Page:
CityDig: The Architectural Mystery Known as the Original Hall of Records


For decades, it was the eccentric old lady of the Los Angeles Civic Center. Standing askew from the surrounding street grid, the original Los Angeles County Hall of Records wore an architectural style that defied easy categorization.

Built between 1909 and 1912 to relieve overcrowding next door in the county’s red-sandstone courthouse, the Hall of Records consolidated most county offices under one lavishly ornamented roof—a showy headpiece that featured finials, pyramidal gables, and copper ribbing. Architects Frank Hudson and William Munsell divided its upper floors into two pairs of wings, which joined at a central elevator shaft, and clad the walls in brick and terra cotta above a granite base.

The Hall of Records acquired its most distinctive quirk in the 1920s. As the image above shows, the building originally stood flush against New High Street. But when the city untangled the maze of streets that once navigated the Civic Center area, it left the Hall of Records standing at an off-angle relative to the new, straightened grid.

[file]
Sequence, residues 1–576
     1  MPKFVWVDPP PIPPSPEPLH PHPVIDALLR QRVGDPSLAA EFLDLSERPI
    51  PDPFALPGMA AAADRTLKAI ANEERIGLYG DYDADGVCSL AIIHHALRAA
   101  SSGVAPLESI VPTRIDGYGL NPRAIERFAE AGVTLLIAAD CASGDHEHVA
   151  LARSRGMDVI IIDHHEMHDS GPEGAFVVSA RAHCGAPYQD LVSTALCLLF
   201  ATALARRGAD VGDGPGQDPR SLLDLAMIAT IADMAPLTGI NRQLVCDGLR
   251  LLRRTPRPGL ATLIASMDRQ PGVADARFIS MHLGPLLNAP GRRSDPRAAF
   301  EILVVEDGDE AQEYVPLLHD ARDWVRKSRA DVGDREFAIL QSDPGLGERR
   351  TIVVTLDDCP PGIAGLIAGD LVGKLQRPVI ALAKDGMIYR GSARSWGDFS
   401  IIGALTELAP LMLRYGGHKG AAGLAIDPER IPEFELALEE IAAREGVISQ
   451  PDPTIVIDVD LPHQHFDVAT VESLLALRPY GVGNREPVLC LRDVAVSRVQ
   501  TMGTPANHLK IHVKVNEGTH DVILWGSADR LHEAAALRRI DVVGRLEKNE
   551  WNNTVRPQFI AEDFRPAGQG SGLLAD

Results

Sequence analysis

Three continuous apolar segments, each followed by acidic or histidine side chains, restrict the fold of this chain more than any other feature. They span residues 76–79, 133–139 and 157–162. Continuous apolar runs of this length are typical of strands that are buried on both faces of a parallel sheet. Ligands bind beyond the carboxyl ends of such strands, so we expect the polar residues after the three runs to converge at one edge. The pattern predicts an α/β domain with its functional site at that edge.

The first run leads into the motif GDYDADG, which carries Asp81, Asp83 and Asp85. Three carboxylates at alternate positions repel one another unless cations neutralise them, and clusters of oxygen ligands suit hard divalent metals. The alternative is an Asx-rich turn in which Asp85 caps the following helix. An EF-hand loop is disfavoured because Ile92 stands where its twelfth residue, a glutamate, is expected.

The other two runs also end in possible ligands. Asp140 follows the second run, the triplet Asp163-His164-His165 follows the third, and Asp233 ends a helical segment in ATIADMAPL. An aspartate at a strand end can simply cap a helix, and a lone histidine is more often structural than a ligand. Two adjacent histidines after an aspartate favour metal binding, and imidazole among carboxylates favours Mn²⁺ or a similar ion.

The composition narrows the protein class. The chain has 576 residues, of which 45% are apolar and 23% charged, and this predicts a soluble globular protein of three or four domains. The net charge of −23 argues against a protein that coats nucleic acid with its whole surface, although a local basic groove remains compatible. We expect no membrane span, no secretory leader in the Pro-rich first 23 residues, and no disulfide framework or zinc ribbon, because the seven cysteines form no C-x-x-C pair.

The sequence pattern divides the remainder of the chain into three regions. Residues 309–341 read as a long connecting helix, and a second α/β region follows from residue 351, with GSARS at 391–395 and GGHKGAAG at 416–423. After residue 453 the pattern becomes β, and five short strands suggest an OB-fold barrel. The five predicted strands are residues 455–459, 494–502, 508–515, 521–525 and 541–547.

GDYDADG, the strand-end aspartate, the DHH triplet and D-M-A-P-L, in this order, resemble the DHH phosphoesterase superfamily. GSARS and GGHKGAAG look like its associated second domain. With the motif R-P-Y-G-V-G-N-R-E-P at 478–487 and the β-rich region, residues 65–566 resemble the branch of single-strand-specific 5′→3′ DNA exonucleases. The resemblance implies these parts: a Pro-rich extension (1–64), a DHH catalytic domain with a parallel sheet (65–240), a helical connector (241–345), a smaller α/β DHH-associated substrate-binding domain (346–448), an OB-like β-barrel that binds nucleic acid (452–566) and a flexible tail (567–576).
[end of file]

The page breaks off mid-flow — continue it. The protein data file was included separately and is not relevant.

That odd stance became a liability in the 1960s, as a new Civic Center composed of modern, monumental buildings and arranged around a long, landscaped Civic Center Mall took form. The county considered saving the building by rotating it to align with the new street grid, but the estimated cost of $5 million was considered excessive. Instead, the wrecking ball came. In 1973, the idiosyncratic Hall of Records gave way to a blacktop parking lot—recently converted into the easternmost section of Grand Park.

Above: circa 1912 postcard showing the Hall of Records on New High Street, courtesy of the Department of Archives and Special Collections, Loyola Marymount University Library.

Nathan Masters of the USC Libraries blogs here on behalf of L.A. as Subject, an association of more than 230 libraries, cultural institutions, official archives, and private collectors hosted by the USC Libraries and dedicated to preserving and telling the sometimes-hidden histories of Los Angeles.